The term “lovable misfit” encapsulates the very essence of the musical oddity that is Dom.
After releasing an EP earlier this year and earning his band a coveted spot at Lollapalooza, the singularly named orphan-turned-indie kid returns with a glitzy new six-tracker. “Family of Love” may be short, but Dom oozes confidence and swagger.
Even after some hiring and firing within his band, Dom refuses to lose his grip on the acid trip fuzziness that permeated the “Sun Bronzed Greek Gods” EP. The collective’s latest effort, “Family of Love,” sparkles with a professional studio polish that contrasts sharply against the amateur feel of their first attempt.
The leadoff cut “Telephone” may not reach the popularity of a certain Gaga jam, but it is one of the only songs to date that flaunts a touch-tone phone as an instrument. Dom struggles with the classic dilemma of calling a crush as he laments, “I come alive when you pick up the line/ But I die every time when we say goodbye.”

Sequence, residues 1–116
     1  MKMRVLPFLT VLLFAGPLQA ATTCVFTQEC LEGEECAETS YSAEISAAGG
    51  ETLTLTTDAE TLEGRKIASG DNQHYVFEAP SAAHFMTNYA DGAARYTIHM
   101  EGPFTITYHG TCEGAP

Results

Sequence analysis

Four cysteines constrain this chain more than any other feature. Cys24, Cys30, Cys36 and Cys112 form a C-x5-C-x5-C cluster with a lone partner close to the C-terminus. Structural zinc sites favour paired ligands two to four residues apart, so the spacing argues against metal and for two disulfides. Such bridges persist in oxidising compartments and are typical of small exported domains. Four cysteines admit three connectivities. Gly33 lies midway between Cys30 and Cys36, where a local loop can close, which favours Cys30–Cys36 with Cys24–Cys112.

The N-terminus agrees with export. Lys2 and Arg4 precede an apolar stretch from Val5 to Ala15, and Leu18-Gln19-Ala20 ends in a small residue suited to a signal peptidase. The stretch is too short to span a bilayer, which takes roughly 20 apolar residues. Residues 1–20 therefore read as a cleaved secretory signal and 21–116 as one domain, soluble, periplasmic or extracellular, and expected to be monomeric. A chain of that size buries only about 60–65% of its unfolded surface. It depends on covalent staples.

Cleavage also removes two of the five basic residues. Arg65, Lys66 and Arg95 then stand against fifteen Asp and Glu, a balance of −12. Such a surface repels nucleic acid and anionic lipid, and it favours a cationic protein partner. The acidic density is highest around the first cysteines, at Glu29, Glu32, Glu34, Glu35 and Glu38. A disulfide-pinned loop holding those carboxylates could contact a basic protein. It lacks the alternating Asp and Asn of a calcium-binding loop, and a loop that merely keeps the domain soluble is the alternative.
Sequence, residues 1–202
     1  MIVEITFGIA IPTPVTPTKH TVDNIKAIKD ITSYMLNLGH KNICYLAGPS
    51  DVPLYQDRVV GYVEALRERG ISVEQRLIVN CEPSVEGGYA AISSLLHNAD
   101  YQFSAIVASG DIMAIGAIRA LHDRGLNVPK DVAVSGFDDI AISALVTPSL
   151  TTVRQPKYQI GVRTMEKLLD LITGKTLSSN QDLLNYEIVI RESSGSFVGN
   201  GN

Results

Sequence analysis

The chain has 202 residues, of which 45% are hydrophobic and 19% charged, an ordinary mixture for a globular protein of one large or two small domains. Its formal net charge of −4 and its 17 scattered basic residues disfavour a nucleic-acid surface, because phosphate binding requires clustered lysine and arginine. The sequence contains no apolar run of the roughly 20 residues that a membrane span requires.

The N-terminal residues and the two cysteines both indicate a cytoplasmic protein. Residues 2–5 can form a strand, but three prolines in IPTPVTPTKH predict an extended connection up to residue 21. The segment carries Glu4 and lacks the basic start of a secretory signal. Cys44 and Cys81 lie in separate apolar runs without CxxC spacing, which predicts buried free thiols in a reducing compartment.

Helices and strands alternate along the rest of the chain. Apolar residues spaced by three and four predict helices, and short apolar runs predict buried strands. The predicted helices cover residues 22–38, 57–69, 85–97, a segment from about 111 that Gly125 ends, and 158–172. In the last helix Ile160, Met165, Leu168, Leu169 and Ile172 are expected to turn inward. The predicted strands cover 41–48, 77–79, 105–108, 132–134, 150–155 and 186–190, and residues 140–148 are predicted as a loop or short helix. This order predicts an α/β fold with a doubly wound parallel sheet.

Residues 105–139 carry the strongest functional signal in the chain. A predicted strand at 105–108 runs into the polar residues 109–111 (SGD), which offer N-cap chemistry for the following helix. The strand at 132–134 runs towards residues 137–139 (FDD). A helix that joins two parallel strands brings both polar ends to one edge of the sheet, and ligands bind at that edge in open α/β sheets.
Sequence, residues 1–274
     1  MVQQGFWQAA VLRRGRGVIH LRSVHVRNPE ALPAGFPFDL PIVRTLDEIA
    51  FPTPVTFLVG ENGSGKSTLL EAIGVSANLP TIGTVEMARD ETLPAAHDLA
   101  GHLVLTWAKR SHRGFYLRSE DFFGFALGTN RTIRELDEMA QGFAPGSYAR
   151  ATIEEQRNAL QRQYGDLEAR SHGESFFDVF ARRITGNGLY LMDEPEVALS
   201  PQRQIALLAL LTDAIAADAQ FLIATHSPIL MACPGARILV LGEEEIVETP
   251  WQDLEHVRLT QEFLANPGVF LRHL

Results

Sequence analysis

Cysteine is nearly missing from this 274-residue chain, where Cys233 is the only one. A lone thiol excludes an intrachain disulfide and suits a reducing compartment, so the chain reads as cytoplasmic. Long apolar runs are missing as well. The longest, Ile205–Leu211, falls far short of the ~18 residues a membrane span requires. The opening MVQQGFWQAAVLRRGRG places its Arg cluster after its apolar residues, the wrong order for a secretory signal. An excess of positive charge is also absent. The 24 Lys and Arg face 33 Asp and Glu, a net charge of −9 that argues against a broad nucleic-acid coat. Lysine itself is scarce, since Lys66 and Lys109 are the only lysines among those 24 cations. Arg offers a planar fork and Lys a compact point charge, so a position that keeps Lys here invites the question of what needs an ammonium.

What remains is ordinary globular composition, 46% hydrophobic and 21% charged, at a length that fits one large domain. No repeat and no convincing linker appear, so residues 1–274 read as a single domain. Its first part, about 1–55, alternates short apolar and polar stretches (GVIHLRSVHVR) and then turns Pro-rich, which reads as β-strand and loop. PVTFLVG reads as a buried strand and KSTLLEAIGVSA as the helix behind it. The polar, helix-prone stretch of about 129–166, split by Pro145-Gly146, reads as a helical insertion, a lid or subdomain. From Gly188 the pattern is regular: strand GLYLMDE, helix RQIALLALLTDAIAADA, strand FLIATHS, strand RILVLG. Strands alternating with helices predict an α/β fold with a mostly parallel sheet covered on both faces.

The most intriguing track on the album is the one that lends the compilation its name. “Family of Love” pulls back the curtain and gives the listener an exclusive peek into Dom’s enigmatic history. Though the song bounces along to grooving bass lines and a quirky synth melody, the theme remains dramatic and tragic with Dom imagining the family he never had but seeks to attain.
Throughout “Family of Love,” Dom introduces narcissistic and demented themes that he cleverly masks with acid pop. He retains the rarely discovered talent of channeling negative energy into carefree bubbly goodness. Only the most intent listeners will take the time to dig beneath the candy surface to find Dom’s darker childhood days.
3 out of 4 stars